#18 _update_crashkernel: bail if no existing crashkernel arg (#2243068)
Opened 7 months ago by adamwill. Modified 7 months ago
rpms/ adamwill/kexec-tools dont-enable-kdump-on-update  into  rawhide

file modified
@@ -1581,6 +1581,10 @@ 


  	_dump_mode=$(get_dump_mode_by_kernel "$_kernel")

  	_old_ck=$(get_grub_kernel_boot_parameter "$_kernel" crashkernel)

+ 	# don't add a crashkernel arg if we didn't already have one

+ 	if [[ -z "$_old_ck" ]]; then

+ 		return

+ 	fi

  	_kver=$(parse_kver_from_path "$_kernel")

  	# The second argument is for the case of aarch64, where installing a 64k variant on a 4k kernel, or vice versa

  	_new_ck=$(kdump_get_arch_recommend_crashkernel "$_dump_mode" "$_kver")

5b31b09 had a significant effect
not clearly disclosed in the commit message: it results in a
crashkernel arg being added on every kernel install or kexec-tools
package update, even if there was no existing crashkernel arg.

Previously in reset_crashkernel_after_update() (called in the
kexec-tools %posttrans), we looped over existing kernels and read
their crashkernel arg. If it was "auto", we did one thing. If it
was otherwise non-empty, we did another thing. If it was empty, we
did nothing.

Previously in reset_crashkernel_for_installed_kernel() (called in
the 92-crashkernel.install scriptlet, which is run by
kernel-install add every time a kernel is installed), we read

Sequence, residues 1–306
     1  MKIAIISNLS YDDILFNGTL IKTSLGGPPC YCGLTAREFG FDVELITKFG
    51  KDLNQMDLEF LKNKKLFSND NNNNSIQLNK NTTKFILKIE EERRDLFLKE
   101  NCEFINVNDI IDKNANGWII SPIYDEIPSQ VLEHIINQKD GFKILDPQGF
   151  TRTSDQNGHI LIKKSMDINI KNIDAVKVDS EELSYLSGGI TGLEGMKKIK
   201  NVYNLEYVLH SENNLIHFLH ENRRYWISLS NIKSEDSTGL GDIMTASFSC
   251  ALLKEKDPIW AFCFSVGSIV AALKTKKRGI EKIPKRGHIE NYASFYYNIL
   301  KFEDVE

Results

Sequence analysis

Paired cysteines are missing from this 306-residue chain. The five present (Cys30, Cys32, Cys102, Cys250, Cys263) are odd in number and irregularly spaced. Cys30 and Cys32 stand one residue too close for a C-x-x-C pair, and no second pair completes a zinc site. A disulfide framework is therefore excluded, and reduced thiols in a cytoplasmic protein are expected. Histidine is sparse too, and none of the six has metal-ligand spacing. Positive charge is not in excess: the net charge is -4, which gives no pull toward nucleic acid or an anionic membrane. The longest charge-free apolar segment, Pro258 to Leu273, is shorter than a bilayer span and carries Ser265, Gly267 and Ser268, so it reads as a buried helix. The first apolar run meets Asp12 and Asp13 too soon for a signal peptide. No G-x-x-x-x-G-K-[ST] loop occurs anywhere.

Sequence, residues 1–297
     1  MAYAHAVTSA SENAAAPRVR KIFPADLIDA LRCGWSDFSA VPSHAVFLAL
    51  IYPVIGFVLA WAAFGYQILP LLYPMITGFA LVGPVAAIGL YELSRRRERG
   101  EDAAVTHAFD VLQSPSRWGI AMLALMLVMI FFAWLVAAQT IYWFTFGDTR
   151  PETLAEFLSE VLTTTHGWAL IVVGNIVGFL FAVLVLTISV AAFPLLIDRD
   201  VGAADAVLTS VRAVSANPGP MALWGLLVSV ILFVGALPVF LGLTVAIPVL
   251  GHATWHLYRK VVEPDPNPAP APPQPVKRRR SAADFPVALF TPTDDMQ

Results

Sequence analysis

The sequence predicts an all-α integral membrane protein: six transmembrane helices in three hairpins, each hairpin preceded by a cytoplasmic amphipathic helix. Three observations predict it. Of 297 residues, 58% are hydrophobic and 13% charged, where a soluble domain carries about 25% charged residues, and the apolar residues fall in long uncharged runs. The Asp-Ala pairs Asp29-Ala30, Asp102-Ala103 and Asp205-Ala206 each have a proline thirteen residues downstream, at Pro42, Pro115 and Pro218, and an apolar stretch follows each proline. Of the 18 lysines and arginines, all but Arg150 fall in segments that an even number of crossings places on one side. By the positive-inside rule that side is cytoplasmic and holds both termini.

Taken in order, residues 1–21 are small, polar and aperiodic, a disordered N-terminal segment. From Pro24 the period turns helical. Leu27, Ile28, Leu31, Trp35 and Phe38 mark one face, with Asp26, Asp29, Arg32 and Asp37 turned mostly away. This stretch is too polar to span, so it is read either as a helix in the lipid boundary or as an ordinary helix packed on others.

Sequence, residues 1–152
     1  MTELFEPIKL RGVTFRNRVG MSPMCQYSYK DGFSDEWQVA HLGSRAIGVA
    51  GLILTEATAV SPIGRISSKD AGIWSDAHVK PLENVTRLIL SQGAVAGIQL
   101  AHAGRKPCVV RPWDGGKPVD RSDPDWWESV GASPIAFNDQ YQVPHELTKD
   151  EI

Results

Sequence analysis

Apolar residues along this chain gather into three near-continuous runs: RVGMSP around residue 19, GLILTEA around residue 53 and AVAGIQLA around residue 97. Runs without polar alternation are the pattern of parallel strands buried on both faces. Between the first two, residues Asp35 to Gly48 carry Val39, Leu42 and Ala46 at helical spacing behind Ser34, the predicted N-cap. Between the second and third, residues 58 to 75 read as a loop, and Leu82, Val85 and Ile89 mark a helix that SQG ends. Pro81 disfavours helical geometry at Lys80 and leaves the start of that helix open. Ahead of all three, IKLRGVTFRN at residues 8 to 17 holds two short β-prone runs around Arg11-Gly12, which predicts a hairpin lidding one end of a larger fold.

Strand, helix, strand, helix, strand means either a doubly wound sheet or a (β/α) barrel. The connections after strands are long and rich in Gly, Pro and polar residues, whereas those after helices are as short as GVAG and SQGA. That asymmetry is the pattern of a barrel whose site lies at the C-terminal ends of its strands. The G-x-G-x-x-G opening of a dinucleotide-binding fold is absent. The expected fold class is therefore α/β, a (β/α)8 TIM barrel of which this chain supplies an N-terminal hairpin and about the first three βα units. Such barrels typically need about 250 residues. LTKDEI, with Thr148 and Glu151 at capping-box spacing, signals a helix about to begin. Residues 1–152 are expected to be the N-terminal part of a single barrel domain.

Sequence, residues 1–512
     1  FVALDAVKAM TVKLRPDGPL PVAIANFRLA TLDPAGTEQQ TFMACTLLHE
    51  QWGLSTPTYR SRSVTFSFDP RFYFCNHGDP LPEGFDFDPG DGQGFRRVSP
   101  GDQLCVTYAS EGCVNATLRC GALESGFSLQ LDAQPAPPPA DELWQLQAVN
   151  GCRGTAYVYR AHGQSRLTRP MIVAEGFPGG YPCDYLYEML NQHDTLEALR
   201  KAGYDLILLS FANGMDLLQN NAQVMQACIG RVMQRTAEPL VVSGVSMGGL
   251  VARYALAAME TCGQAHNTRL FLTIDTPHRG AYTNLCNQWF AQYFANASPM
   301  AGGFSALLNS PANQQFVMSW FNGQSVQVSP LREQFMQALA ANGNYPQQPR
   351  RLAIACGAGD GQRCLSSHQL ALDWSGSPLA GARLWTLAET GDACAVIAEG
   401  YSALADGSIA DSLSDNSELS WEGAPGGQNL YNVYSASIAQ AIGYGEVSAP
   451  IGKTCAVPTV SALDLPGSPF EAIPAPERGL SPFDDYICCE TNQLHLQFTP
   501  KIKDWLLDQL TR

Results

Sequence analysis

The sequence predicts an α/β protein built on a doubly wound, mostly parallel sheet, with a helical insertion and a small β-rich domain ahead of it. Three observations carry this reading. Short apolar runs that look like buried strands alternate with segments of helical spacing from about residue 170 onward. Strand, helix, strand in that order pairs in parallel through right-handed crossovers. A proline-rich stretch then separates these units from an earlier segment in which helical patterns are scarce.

the crashkernel args for the newly-installed and currently-
running kernels and if they were non-equal, made the arg for the
newly-installed kernel the same as the one for the currently-
running kernel (this seems somewhat odd, but that's off-topic
here). If there was no existing arg for either kernel (which would
be the usual case if the user had not explicitly set one, or used
the anaconda option to enable kdump at install time), we would do

After 5b31b09, both these functions were turned into fairly thin
wrappers around _update_crashkernel, which does not care if
there is any existing crashkernel arg. It just always makes
the crashkernel arg be the currently 'recommended' one, no
matter whether it's currently set at all or what it's set to.

The commit message explained:

"Another change brought by this simplification is kexec-tools will also
set up the kernel crashkernel parameter for a fresh install (previously
it's limited to osbuild)."

but that's not a clear enough explanation, I don't think, and the
behaviour is really not desired. We do not want crashkernel to be
set for every Fedora installation, which is the effect of
the current implementation. In the worst case - on a system with
1G of RAM - it eats nearly 20% of RAM!

This changes _update_crashkernel to only do anything if the
kernel being operated on has an existing crashkernel arg. This
should better match previous behaviour and user expectations.

Signed-off-by: Adam Williamson awilliam@redhat.com

I'm not really sure this is 'correct' - it's entirely possible there's a case where the newly-installed kernel won't have a crashkernel= parameter yet, but we somehow "know" that it ought to get one. But I at least wanted to post something to be reviewed, and I definitely don't think the current behaviour is acceptable.

Build succeeded.

As written in the Bugzilla [1] I don't think that is the way to go. auto_reset_crashkernel is meant to always set the crashkernel if set to 'yes'. If this behavior is not desired then it is better to simply set it's default to 'no'.

[1] https://bugzilla.redhat.com/show_bug.cgi?id=2243068#c8